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Politicians must learn from Narayana Murthy: practice religion at home and not in public

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Should religion be mixed with politics? Or is faith an entirely personal matter which should not be imposed through political or state power? In a landmark judgement the Supreme Court recently held that seeking votes on the basis of religion, caste and creed is illegal. Although a dissenting opinion argued that such a law could mean that any questions, for example on injustices on religious minorities can’t be raised, the court has held up an ideal: in India, governance must at all times be secular.

Yes, there are challenges of implementation. There are no practical guidelines on how this law is to be implemented. The judgement could have implications for the Asaduddin Owaisi- led MIM or the Muslim League in Kerala, or even caste based outfits, and even for the ruling BJP. Indeed a Pandora’s box of confusing litigation may have been opened at the level of the lower courts.

Yet the apex court has rightly and courageously stated a philosophical position and boldly censured politicians who have freely used religious platforms and slogans through the years. At a time when the Supreme Court judgement on the national anthem has been criticised as judicial overreach, this judgement from the apex court has reiterated a moral principle: that democracy in India must for all time to come, be secular- in the true sense of the word.

On the eve of UP polls, controversial BJP MP Sakshi Maharaj recently said the population rise is not because of Hindus but “those who support the concept of four wives and 40 children.” Mayawati has called on Muslims not to divide their votes. At a meeting chaired by a TMC MP Maulana Barkati issued a fatwa offering 25 lakhs for violence against the PM. Modi celebrated his win in 2014 by a ganga aarti in Varanasi and a puja at Kashi Vishwanath temple, and Modi Sarkar proudly calls itself a Hindu nationalist government. Rahul Gandhi recently spotted the Congress symbol in photos of Lord Shiva and Guru Nanak. Should political leaders publicly invoke religion and publicly participate in religious functions? No they should not.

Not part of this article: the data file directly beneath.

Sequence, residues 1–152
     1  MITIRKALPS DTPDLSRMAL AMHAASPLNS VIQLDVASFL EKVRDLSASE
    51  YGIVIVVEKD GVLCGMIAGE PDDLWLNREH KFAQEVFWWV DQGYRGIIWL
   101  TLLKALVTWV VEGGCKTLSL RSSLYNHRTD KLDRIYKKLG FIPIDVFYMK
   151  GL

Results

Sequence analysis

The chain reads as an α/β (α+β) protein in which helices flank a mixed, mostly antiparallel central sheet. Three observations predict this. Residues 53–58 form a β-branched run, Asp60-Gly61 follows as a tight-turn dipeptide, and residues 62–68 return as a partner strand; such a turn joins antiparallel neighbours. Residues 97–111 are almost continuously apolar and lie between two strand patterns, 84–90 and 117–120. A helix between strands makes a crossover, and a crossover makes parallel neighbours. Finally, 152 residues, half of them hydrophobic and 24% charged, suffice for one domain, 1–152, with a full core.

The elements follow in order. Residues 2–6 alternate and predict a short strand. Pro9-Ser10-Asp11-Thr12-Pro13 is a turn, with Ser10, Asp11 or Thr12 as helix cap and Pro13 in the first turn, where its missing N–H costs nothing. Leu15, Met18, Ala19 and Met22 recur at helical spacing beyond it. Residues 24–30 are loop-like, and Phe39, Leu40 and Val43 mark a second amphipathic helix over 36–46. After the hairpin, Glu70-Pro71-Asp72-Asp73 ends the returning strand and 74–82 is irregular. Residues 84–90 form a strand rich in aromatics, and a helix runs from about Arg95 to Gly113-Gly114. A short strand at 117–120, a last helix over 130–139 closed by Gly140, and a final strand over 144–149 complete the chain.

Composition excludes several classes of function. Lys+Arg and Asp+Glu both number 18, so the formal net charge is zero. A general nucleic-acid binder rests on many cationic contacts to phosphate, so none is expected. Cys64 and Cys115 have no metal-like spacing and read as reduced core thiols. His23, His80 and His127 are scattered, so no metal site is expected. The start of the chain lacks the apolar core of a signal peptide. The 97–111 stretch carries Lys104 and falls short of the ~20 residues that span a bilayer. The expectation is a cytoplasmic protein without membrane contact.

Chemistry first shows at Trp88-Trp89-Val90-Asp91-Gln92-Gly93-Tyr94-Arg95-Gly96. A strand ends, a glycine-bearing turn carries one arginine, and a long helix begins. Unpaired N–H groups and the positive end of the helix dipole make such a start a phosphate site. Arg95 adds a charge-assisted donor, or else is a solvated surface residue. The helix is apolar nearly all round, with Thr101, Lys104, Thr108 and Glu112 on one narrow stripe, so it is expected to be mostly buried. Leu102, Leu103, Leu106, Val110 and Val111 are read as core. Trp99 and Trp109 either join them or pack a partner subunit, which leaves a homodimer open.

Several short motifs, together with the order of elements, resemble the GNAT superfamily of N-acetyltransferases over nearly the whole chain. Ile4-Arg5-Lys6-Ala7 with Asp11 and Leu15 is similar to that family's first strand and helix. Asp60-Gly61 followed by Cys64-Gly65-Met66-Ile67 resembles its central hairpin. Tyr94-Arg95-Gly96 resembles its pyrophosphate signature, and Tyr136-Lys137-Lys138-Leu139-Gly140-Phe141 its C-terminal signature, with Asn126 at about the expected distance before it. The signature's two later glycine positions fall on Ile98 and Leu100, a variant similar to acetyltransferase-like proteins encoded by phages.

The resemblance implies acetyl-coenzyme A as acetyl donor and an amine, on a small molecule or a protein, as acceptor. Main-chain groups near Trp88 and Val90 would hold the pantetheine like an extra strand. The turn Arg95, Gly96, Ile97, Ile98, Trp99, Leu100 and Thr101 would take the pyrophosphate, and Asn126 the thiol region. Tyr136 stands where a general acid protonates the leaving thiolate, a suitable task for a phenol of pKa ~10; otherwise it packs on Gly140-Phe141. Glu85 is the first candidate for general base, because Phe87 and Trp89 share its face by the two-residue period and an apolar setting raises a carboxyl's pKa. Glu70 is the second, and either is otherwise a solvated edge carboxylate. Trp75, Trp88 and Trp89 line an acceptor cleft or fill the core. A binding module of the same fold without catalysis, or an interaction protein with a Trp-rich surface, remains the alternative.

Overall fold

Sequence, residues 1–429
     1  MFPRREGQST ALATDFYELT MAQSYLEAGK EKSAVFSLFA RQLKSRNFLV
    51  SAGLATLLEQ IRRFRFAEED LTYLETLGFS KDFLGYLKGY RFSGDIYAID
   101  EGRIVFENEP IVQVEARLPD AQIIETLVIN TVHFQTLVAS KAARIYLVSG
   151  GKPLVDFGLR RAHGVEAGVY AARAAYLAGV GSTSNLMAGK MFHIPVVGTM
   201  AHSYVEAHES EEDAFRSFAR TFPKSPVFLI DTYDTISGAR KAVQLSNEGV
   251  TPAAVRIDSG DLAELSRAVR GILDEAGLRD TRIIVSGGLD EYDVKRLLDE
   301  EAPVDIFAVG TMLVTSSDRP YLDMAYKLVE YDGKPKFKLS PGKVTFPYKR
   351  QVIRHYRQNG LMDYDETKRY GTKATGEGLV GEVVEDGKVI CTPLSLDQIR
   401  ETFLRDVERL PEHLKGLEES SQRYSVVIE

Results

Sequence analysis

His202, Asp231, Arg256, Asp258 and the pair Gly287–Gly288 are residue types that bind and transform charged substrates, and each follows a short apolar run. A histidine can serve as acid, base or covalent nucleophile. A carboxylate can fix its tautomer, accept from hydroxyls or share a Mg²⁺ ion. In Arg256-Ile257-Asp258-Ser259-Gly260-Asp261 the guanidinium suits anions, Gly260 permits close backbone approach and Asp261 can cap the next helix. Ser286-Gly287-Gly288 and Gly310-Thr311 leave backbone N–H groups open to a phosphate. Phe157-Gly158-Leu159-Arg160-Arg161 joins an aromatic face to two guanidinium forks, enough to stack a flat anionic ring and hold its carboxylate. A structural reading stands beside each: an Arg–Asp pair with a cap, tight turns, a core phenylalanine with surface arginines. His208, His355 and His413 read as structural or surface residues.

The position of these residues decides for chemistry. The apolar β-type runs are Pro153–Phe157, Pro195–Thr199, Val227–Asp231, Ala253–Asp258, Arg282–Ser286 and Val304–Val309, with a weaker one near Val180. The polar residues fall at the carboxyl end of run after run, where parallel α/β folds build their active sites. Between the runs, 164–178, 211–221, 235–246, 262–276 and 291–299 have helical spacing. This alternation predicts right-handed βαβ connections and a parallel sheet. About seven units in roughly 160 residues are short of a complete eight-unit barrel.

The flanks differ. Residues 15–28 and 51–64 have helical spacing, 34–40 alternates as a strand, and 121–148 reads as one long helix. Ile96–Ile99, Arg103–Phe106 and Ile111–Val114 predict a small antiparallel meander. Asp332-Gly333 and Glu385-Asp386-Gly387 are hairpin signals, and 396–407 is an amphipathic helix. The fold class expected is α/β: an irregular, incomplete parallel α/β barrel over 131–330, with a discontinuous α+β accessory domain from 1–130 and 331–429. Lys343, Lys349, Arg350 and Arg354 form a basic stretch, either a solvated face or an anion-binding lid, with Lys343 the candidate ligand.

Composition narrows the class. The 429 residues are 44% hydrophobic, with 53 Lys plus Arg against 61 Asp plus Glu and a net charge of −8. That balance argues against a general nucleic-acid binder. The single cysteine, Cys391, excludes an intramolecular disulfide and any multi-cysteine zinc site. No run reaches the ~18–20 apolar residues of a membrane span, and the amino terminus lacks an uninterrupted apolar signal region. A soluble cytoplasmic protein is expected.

The Mahatma himself was criticised for bringing religious metaphors into politics, for adopting the dress of a Hindu fakir, for using bhajans like Vaishnava jana to for his satyagraha campaigns. Yet Gandhi’s moral mission was more spiritual than religious even though Indira Gandhi once said she “quarrelled with Gandhi for bringing mysticism into politics”. Nehru, as historian Sunil Khilnani writes, was a politician without a religious faith but a highly developed moral sense. For Nehru, religion was always about bigotry and superstition. The first time Indira Gandhi was sworn in as prime minister in 1966, she........

© The Times of India